Also, have you done a recent analysis on how long it takes for an FPGA to out-profit a GPU setup at different electric rates?  I doubt it is just at $0.00/kwh where it would make more sense to buy GPU's instead of FPGA's...


A quick analysis using the following figure on bitcoinx.com using default values and the following:

GPU: 7970
Watts: 208 624/3 [wall draw / 3 for a 3 card system]
$570 ((470 * 3)+300)/3 [((card cost * 3) + base cost of a rig) / 3]

FPGA: USB-FPGA Module 1.15y
Watts: 38
$950

$/kw/h - cost per kw/h
GPU - days to pay off
FPGA - days to pay off

$/kw/h   GPU   FPGA
 $-         398   447
 $0.01    414   449
 $0.02    430   451
 $0.03    448   453
 $0.04    467   456
 $0.05    489   458
 $0.06    512   460
...
 $0.12    732   473


The number appears to be between 3 and 4 cents.  These are all meaningless though, since difficulty / price will not stay where it is, but does give an indication as to currently where that sweet spot lies.



but also totally ignores equipment depreciation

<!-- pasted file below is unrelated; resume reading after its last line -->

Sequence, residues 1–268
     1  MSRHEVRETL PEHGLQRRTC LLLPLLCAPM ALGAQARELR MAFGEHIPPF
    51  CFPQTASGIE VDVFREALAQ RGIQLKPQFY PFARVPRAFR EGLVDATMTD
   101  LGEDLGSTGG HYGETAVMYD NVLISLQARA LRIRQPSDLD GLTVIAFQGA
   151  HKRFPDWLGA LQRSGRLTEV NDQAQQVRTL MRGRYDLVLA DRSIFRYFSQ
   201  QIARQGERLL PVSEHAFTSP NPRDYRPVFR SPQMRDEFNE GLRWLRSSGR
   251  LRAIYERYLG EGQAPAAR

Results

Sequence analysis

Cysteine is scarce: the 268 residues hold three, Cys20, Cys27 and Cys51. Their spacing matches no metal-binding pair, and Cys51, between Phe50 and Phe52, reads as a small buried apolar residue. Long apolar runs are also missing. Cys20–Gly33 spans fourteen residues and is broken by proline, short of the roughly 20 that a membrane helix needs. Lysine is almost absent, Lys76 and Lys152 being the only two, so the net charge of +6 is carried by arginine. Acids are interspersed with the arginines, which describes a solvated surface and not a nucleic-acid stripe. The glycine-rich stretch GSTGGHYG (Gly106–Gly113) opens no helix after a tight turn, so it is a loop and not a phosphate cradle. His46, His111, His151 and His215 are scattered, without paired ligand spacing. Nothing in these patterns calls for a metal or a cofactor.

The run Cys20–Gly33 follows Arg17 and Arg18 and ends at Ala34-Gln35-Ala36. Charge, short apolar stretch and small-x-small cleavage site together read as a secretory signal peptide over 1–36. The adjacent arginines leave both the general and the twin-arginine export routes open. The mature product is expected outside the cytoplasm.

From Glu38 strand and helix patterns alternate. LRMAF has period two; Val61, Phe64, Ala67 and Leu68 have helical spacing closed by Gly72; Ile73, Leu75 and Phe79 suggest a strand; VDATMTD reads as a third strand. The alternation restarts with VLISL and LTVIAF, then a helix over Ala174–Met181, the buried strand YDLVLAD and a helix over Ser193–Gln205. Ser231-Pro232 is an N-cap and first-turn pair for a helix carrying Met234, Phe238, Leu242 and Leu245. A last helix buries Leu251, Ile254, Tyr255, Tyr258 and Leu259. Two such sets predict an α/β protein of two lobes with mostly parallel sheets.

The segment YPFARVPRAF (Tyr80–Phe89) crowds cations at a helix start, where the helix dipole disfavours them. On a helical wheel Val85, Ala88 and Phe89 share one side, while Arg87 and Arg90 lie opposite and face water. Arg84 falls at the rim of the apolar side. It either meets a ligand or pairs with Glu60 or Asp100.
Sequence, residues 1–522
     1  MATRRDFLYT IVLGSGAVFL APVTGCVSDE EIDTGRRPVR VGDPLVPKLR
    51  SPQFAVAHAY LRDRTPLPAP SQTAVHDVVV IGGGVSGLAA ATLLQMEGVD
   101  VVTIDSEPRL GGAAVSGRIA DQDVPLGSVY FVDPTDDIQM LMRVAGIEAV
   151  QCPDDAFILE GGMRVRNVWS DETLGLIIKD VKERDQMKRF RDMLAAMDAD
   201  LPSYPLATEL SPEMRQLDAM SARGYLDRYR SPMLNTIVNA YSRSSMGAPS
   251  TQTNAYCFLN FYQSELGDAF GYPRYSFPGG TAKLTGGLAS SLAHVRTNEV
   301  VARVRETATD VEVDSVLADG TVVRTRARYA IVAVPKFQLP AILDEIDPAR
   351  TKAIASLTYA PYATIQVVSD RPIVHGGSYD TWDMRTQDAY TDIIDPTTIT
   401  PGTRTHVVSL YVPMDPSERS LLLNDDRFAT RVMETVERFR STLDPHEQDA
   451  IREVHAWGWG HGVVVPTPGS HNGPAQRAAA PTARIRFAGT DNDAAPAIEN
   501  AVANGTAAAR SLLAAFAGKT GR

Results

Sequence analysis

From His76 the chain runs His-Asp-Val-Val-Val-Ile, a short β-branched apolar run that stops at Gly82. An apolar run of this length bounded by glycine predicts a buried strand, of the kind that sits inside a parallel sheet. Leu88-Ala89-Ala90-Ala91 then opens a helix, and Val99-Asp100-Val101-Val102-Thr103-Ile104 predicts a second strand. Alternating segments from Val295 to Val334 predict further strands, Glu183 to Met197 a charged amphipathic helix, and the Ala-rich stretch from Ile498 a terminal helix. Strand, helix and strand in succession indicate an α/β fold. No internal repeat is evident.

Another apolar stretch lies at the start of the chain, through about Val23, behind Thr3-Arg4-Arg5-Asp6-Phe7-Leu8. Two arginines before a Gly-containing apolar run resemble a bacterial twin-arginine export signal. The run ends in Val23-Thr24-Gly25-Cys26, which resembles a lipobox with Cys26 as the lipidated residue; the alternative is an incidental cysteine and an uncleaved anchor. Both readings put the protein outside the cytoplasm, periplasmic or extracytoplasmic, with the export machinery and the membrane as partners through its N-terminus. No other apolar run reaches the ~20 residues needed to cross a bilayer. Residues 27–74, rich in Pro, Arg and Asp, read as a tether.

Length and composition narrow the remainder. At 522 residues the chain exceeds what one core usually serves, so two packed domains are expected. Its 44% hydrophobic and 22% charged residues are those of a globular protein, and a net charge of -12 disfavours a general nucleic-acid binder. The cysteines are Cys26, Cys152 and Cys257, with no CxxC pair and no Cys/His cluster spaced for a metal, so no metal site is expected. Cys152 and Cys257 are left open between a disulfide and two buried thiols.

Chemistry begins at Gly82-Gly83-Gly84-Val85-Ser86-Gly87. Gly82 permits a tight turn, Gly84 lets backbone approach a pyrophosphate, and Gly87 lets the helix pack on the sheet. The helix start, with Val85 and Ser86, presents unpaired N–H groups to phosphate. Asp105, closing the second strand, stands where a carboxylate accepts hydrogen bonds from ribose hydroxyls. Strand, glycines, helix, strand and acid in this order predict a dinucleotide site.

(or appreciation, in the case of some ppl buying 5830's)

Dacentec, best deals for US dedicated servers. They regularly restock $20-$25 Opterons with 8-16GB RAM & 2x1-2TB HDD's (ofc, usually lots of other good stuff to choose from).  I did a Serverbear benchmark of one of my $20/mo Opteron (June last year), it's here.  Have had about a half dozen different servers with Dacentec, & none have failed to sustain at least 40MB/s (burst higher). My favorite is a 12-month rent-to-own ZT Systems 2XL5520 16GB 2x2TB SATA for $40/month (got lucky with the 'off-brand', haven't seen a RTO 2xL5520 for under $50/mo since -- at least for monthly contracts).  wholesaleinternet.com has some ancient 2-core intel CPUs @ $10/mo sometimes (I got an Intel Core 2 6300 @ 1.86GHz, with a 250GB HDD with 46000 hours on it, LOL. $20 @ Dacentec is much better, if you can grab one). joesdatacenter.com (same location as Wholesale Internet) also occasionally has specials (or if you don't want to wait, it has an AMD Opteron 170 @ $16/mo).
notme
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June 14, 2012, 05:16:06 PM
 #150

All this BS about ASIC early adopters being screwed is assuming asics will only be available in massive sizes that cost thousands of dollars.  What's stopping someone from putting out a smaller device that only pulled a gigahash or so for $100?  That's what I would do if I were selling them, but then again I wouldn't be in it for the money.  I just like building shit.